CANADA FX DEBT-C$ rises to 2-week high, then pares gain

Tue Jun 14, 2011 4:58pm EDT
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   * C$ ends at C$0.9689 to the U.S. dollar, or $1.0321
 * Bonds weaker as investors return to riskier assets
 * TD says BoC to delay rate hikes to 2012
 (Updates to close)
 By Ka Yan Ng
 TORONTO, June 14 (Reuters) - The Canadian dollar gained
nearly a penny against the U.S. dollar on Tuesday, buoyed by
positive North American and Chinese data that soothed fears
about the direction of the global economy.
 U.S. retail sales fell less than expected in May, and
excluding autos, they rose modestly. Producer prices rose more
than expected. [ID:nCAT005457] [ID:nN14189699]
 Meanwhile, inflation in China accelerated in May, prompting
Beijing to hike its reserve ratio for the ninth time since
October, but it did not raise interest rates as some had
 A flurry of Chinese economic data, including inflation and
industrial output, suggested economic growth was slowing down,
but not too quickly, relieving concerns that the world's
second-biggest economy was heading for a hard landing.
 Also, Canadian industrial capacity use rose in the first
quarter as manufacturers showed renewed strength after a year
of slowing growth. [ID:nN14284333]
 The data helped general risk sentiment rise but the
Canadian dollar stayed stuck in the broad C$0.9650-C$0.9850
range it has been in since early May.
 "I can't see us breaking out too much but a few guys are
starting to look for a possible risk rally," said John Curran,
senior vice president at CanadianForex. He said he was
skeptical about such a rally, citing ongoing European woes, and
tepid U.S. and Canadian data.
 Still, a break below C$0.9650 "may start to turn people's
heads," he said.
 At one point, the Canadian dollar CAD=D4 climbed almost a
penny from the previous session's close, reaching as high as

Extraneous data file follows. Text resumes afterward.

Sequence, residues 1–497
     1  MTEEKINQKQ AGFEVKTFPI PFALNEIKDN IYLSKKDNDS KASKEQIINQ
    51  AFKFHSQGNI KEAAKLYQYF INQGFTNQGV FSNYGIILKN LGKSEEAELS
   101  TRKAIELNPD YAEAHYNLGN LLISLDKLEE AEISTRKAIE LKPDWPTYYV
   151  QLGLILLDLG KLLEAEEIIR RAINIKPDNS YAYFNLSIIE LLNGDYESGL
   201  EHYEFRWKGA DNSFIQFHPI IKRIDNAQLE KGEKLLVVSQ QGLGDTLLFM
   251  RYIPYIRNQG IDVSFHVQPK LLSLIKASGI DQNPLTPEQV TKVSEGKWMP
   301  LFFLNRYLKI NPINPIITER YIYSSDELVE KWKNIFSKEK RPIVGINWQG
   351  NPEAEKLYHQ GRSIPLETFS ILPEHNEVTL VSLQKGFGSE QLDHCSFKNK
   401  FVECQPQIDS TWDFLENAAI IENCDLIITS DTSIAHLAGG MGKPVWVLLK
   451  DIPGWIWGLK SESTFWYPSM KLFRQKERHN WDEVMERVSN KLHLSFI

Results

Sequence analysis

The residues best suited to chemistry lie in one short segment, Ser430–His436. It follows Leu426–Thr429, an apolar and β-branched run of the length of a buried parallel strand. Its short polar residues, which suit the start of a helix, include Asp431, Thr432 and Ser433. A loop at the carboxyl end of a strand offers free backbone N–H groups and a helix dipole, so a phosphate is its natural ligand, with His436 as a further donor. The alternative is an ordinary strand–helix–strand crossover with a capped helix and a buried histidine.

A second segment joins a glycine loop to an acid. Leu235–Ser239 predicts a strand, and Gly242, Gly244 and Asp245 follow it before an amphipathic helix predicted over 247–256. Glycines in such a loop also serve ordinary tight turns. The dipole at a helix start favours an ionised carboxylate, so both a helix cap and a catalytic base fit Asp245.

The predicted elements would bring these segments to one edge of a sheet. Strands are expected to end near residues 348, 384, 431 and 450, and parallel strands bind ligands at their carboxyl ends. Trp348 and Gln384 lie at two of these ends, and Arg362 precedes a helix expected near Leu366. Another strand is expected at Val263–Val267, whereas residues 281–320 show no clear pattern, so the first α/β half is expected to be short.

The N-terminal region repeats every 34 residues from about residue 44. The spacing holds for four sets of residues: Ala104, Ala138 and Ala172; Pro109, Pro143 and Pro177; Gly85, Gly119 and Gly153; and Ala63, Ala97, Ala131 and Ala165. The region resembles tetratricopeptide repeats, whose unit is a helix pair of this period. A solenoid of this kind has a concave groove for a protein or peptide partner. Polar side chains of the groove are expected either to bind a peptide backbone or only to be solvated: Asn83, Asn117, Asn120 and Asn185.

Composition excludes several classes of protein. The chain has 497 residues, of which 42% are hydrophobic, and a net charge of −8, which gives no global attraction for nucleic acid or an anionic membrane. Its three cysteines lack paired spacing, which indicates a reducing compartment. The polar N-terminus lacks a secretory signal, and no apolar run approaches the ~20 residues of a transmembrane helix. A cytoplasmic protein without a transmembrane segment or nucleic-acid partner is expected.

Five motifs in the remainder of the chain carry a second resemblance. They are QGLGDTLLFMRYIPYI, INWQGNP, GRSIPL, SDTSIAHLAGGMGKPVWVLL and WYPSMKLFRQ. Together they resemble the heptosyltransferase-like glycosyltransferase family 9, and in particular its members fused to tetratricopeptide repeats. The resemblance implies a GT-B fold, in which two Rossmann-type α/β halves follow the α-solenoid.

C$0.9675, its firmest level since June 1.
 It pared gains by session's end, finishing at C$0.9689 to
the U.S. dollar, or $1.0321, stronger than Monday's North
American finish oft C$0.9768 to the U.S. dollar, or $1.0238.
 On Tuesday, Toronto-Dominion Bank (TD.TO: Quote) became the first
primary dealer to push its forecast for the next Bank of Canada
rate interest hike into 2012, warning the economy has not fully
emerged from the shadow of the financial crisis.
 TD, Canada's second-biggest lender, said it expects that
the Bank of Canada will next raise its key policy rate by a
quarter-point in January to 1.25 percent.
 Alongside this forecast, TD said it expects the Canadian
dollar will remain fairly well supported and stay within a few
cents of parity with the greenback.
 "Without the bank hiking we don't see that additional
impetus to push higher at this stage," said David Tulk, chief
Canada macro strategist at TD Securities.
 Canadian bond prices were weaker across the curve as the
positive economic sentiment sent investors back into riskier
assets. [US/]
 The two-year bond CA2YT=RR fell 9 Canadian cents to yield
1.512 percent, while the 10-year bond CA10YT=RR lost 68
Canadian cents to yield 3.083 percent.
 Market players will next focus on the major Canadian data
of the week, manufacturing shipments data for April, due
Wednesday. It is expected to be weak due to supply chain
disruptions resulting from the Japan earthquake.
 Bank of Canada Governor Mark Carney is speaking in
Vancouver on Wednesday afternoon about the country's housing
 (Reporting by Ka Yan Ng; editing by Peter Galloway)